Family Meal

Words and Images by
Emanuel Hahn

For restaurant owners and staff, the ritual of eating together provides a moment of calm before the nightly storm.

The Zaidi family at Al-Noor, an Indian restaurant in Lawndale. The restaurant was founded by Hasan Zaidi over 30 years ago and is today run by him and his son, Musab Zaidi.

Jinsol Gukbap is a relatively newer addition to Koreatown; they specialize in pork broth soup that is simmered for 24 hours. When the owner’s daughter, Un Young Kim, moved to the United States to study, her parents followed suit and eventually opened a restaurant out of boredom.

The pink fried rice is a childhood favorite for many Thai people. The dish is accompanied by stir-fried morning glory and gaeng leung.

Hasan Zaidi’s favorite secret menu dish is an improvised spaghetti dish mixed with various spices, jalapeños, tomatoes, and bell peppers.

Jitlada, one of the most iconic Thai restaurants in L.A., is still run and operated by the family, with Jazz Singsanong at the helm.

The staff at LA Rose were all immigrants that moved to the United States in pursuit of various dreams. The Filipino restaurant opened in East Hollywood in 1982.

Two staff members share a lumpia.

Many of the Mexican cooks at Al-Noor have been working at the restaurant for decades; the conversations at the table toggle between English and Spanish.

For the wide-eyed immigrant looking to pursue their dreams, restaurant work is often the most accessible starting point. Amidst the relentless climbing and falling entailed in such a journey, the restaurant offers a safe space to commune with one’s kin. The family meal is a ritual that allows these strivers to step out of the foreign world and transport themselves to their ancestral land, where they can remind themselves of who they are. For a brief moment, they don’t have to deal with patrons unfamiliar with their food, or strain in their incomplete English to explain what cumin or gochujang is. They can simply sit with their own and feel at home.

Immigrants are the most natural actors. They have to learn to put on a face when they live in this country—smile, make others feel at ease, take a joke gracefully, serve, swerve, dodge, repel and come back to their starting point with equanimity. At a family meal, they can take their masks off and openly gossip and kvetch, about an unruly customer, or about a failed audition, or the family member back home that keeps asking for money. Just like a performer takes a few minutes to themselves before a show, the family meal is the green room where the staff can do the same.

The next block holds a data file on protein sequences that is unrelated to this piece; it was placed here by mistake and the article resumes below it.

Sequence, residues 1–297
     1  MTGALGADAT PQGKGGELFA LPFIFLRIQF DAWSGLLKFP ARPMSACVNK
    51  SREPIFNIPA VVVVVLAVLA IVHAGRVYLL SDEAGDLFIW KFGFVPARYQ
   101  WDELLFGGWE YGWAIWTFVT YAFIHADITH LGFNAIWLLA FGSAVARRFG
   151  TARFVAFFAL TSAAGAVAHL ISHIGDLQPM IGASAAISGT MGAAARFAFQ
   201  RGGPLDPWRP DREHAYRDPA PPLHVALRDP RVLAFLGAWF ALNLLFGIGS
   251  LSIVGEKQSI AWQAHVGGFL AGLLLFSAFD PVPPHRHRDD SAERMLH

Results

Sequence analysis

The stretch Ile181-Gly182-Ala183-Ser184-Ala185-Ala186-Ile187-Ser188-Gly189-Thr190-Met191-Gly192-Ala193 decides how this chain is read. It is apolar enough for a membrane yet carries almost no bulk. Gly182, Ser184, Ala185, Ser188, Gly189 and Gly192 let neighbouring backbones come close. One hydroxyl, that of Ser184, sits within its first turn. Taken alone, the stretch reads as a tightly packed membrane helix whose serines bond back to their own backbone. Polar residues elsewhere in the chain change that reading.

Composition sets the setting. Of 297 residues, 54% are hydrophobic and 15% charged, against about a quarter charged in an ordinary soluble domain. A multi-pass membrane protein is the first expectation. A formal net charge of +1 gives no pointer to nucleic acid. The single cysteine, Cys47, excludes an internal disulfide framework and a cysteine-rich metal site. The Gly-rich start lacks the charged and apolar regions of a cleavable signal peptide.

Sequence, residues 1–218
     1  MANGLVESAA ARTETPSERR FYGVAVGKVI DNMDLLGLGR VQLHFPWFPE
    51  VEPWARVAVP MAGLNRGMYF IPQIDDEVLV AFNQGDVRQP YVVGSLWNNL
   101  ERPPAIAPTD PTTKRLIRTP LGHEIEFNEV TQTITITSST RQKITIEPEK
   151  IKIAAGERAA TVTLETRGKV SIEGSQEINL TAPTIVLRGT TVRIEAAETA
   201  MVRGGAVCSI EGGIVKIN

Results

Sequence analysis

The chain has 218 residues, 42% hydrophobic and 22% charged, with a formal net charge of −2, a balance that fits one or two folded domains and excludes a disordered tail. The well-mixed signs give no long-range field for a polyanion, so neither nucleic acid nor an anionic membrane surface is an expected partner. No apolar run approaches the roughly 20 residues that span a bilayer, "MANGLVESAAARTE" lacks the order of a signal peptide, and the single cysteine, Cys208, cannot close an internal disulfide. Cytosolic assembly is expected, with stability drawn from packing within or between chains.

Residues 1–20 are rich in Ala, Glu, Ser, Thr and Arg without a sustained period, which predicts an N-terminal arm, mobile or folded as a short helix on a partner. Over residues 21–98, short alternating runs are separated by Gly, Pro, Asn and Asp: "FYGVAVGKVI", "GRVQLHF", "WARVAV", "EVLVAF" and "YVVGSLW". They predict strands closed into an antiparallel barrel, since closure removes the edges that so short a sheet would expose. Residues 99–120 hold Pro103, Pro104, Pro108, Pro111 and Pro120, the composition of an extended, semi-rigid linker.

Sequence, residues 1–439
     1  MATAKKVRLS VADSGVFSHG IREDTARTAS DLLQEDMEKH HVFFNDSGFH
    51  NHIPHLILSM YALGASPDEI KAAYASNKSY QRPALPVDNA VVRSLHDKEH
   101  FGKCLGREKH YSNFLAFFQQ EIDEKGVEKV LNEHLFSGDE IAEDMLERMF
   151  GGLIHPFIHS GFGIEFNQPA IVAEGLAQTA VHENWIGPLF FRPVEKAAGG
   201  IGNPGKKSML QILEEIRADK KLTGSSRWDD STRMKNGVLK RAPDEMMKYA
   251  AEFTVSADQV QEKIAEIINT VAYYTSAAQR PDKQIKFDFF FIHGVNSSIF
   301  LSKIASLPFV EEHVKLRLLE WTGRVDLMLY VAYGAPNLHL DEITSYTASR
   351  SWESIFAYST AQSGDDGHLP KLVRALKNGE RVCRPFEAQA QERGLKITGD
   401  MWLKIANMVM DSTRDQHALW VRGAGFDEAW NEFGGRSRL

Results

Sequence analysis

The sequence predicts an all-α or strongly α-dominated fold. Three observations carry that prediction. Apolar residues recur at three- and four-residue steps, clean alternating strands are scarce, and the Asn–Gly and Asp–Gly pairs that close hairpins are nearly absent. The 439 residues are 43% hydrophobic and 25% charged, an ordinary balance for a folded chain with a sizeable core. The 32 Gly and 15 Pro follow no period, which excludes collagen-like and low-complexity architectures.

When I was working on my book Koreatown Dreaming, which covered numerous restaurants in Koreatown, I was captivated by the camaraderie shared by the kitchen staff. I observed how middle-aged ajummas would become playful, cracking the crudest jokes and joshing with each other. For a moment, they became children again, unencumbered by the need to appear presentable. Moreover, I reveled at how the Korean and Mexican staff would volley instructions, jokes, and questions back and forth in a mixture of Korean, English, and Spanish. The family meal then became an opportunity to strengthen the bond between groups of people who had been brought together through food.

What was unsurprisingly consistent while photographing this story was just how adamantly every restaurant invited me to eat with them. Despite their hospitality, I gestured that I couldn’t because I had to photograph them. With my stomach growling, I patiently waited for moments to appear. They all seemed flummoxed and flattered that they were given such attention. Gradually, as they started eating and talking, their awareness of me receded, and they became themselves, delighting in gossip and chit-chat, to which I gratefully snapped away. I was briefly allowed into their sacred ritual and made to feel like family. When all was said and done, as I packed up my equipment and said my goodbyes, I noticed a bag of to-go food waiting for me on a table, an unmistakable gesture of gratitude.

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